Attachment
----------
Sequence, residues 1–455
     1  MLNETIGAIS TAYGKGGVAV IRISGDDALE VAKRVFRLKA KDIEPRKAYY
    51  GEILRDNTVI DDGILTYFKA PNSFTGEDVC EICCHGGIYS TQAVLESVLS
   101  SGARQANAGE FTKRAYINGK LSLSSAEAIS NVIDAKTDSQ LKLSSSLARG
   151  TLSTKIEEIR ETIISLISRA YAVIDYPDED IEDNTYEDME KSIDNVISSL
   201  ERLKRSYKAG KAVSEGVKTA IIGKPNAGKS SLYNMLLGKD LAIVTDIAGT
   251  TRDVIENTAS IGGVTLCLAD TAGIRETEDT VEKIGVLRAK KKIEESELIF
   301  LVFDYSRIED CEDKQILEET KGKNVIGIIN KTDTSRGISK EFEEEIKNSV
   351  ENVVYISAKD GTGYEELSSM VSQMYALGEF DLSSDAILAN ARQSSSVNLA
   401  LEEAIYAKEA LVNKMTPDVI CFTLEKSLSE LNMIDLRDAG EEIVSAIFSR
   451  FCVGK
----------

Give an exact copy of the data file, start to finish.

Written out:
Sequence, residues 1–455
     1  MLNETIGAIS TAYGKGGVAV IRISGDDALE VAKRVFRLKA KDIEPRKAYY
    51  GEILRDNTVI DDGILTYFKA PNSFTGEDVC EICCHGGIYS TQAVLESVLS
   101  SGARQANAGE FTKRAYINGK LSLSSAEAIS NVIDAKTDSQ LKLSSSLARG
   151  TLSTKIEEIR ETIISLISRA YAVIDYPDED IEDNTYEDME KSIDNVISSL
   201  ERLKRSYKAG KAVSEGVKTA IIGKPNAGKS SLYNMLLGKD LAIVTDIAGT
   251  TRDVIENTAS IGGVTLCLAD TAGIRETEDT VEKIGVLRAK KKIEESELIF
   301  LVFDYSRIED CEDKQILEET KGKNVIGIIN KTDTSRGISK EFEEEIKNSV
   351  ENVVYISAKD GTGYEELSSM VSQMYALGEF DLSSDAILAN ARQSSSVNLA
   401  LEEAIYAKEA LVNKMTPDVI CFTLEKSLSE LNMIDLRDAG EEIVSAIFSR
   451  FCVGK